Studies undertaken to establish the factors that maintain tumor cells in a dormant state have led to the identification of metastasis suppressors. The first metastasis suppressor, NM23, was identified in 1988; however, eight more have since been identified.216,219 Most were identified based on differential expression in metastatic and nonmetastatic cell lines and appear to act at discrete stages in the process of metastatic colonization. Exogenous expression of NM23 impairs motility and the metastatic potential of diverse cell lines in vivo but does not affect proliferation or primary tumor size.220 NM23 possesses histidine kinase activity that is essential for its metastasis suppressor activity.221 Kinase suppressor of RAS(KSR), a ERK-MAPK scaffold protein, binds and acts as a substrate for NM23. More recently, histidine phosphorylation has been shown to destabilize KSR leading to reduced extracellular signal regulated kinase (ERK) activation which was correlated with a reduction in metastatic capacity of a breast cancer cell line.222
KiSS-1 encodes a neuropeptide ligand for a GPCR hGPR54(AXOR12), identified as a gatekeeper of the reproductive cascade.223 KiSS-1 and hGPR54 display complementary expression patterns in the brain and in the placenta where they have been identified as regulators of trophoblast invasion, inducing migration and protease expression.224 KiSS-1 appears to play a similar role in tumor invasion and metastasis. Forced expression of KiSS-1 suppresses metastasis of melanomas and human breast carcinomas without affecting tumorigenicity.225-227 Although the action of Kiss-1 may depend on tumor type, loss of KiSS-1 expression was correlated with tumor recurrence in gastric cancer and venous invasion and distant metastasis in invasive bladder cancer patients. Additionally, loss of KiSS-1 and/or hGPR54 gene expression was found to be a significant predictor of lymph node metastasis in esophageal squamous cell carcinoma (ESCC).217
Upon entering the vasculature, mechanical forces contribute to the delivery of tumor cells to specific target organs. The relatively large size of solid tumor cells will tend to lead to their arrest in the first capillary bed they encounter. However, it apparent that tumors arising in particular organs have preferential secondary sites of metastasis, indicating that interaction between the cancer cells (seed) and the organ microenvironment (soil) can influence the fate of the cells.228 In addition to negative regulators, such as TNF ligand expression as described above, diverse factors that can promote the formation of tissue-specific metastasis have been postulated. Chemokines have been identified as key regulators of this process. Chemokines are soluble ligands that are involved in recognition and homing of multiple cell types, including hematopoietic cells, lymphocytes, and germ cells.229 Breast cancer cell lines, as well as carcinomas and metastasis, express high levels of the chemokine receptors CXCR4 and chemokine receptor 7(CCR7).230 The ligands for these receptors, stromal cell-derived factor-1, CCL19, and CCL21, are expressed in those tissues where breast cancers most often metastasize, such as lymph nodes, lung, liver, and bone marrow.231 Binding of SDF-1 to CXCR4 upregulates expression of proteases and adhesion molecules and enhances invasion and migration in vitro. Disruption of the receptor-ligand interaction was sufficient to inhibit spontaneous metastasis to the lung and lymph nodes.232-234 Similar studies have implicated CXCR4, as well as other chemokine receptor and ligand family members, in the metastatic behavior of other tumor types, including melanoma (CXCR4, CCR7, and CCR10), colorectal cancer (CXCR4 and CCR7), and prostate cancer (CXCR4 and CCR9).235 Notably, these agents frequently affect both tumor growth and invasiveness, suggesting CXCR4 may also function at the site of the primary tumor. A more recent publication has demonstrated that breast carcinoma-associated fibroblasts (CAF) express high levels of SDF-1. Expression of SDF-1 by CAF enhanced growth of tumors, via activation of CXCR4, and recruited endothelial cell precursors, promoting vascularization.236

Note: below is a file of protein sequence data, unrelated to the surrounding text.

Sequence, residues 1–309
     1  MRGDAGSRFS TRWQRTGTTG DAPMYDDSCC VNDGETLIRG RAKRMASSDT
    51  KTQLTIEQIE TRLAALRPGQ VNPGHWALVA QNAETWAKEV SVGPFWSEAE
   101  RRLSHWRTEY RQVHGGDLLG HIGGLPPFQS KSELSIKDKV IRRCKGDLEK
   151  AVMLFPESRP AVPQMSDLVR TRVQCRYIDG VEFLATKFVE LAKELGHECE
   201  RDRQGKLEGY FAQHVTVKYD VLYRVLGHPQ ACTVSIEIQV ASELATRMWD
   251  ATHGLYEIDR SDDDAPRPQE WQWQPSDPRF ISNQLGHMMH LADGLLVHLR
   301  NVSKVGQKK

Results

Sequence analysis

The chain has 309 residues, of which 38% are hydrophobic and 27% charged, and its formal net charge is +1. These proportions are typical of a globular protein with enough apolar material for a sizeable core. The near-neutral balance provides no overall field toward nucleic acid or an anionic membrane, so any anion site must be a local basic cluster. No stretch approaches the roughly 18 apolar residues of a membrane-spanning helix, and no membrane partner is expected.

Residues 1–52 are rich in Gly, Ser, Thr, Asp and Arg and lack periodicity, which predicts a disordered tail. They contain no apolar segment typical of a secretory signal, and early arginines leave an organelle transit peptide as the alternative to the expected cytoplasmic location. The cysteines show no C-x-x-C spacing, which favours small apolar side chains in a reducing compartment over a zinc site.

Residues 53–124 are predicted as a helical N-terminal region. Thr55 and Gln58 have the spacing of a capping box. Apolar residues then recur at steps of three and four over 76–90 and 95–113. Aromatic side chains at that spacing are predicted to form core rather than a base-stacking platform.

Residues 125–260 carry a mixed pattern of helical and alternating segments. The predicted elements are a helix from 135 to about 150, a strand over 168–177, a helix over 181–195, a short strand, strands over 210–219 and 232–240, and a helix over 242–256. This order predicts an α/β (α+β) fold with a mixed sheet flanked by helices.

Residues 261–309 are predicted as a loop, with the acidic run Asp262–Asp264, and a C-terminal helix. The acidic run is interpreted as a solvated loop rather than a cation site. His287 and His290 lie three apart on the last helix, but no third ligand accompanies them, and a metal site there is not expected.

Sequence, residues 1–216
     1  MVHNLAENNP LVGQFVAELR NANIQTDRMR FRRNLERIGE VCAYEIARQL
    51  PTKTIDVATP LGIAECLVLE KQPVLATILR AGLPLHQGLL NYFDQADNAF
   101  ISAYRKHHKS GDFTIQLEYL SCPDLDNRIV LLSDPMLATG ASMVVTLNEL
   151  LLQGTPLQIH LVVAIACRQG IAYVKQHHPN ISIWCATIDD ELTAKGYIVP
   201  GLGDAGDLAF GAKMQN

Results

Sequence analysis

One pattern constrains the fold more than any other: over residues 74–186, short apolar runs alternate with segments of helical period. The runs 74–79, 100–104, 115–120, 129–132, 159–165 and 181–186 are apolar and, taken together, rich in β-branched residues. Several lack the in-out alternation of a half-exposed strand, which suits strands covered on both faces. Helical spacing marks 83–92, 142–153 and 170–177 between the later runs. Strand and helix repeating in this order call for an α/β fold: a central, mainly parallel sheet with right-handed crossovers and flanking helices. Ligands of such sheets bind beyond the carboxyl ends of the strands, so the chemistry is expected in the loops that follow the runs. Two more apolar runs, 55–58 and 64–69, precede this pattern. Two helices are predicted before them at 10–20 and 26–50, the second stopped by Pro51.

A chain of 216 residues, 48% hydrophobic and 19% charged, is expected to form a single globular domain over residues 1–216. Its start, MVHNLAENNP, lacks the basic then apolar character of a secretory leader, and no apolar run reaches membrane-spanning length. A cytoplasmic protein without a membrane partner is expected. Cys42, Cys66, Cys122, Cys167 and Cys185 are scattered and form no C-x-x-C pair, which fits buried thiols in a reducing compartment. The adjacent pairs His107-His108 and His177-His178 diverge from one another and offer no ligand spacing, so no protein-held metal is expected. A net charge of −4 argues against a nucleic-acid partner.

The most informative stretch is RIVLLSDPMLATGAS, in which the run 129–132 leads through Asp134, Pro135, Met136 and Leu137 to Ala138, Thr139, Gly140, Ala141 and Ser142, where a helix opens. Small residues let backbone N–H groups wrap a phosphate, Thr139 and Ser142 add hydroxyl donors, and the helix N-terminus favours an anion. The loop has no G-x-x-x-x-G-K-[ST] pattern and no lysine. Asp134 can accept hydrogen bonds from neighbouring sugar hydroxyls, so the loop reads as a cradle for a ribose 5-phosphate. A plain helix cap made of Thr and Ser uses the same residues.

Was this article helpful?
Complete Guide to Preventing Skin Cancer. We all know enough to fear the name, just as we do the words tumor and malignant. But apart from that, most of us know very little at all about cancer, especially skin cancer in itself. If I were to ask you to tell me about skin cancer right now, what would you say? Apart from the fact that its a cancer on the skin, that is.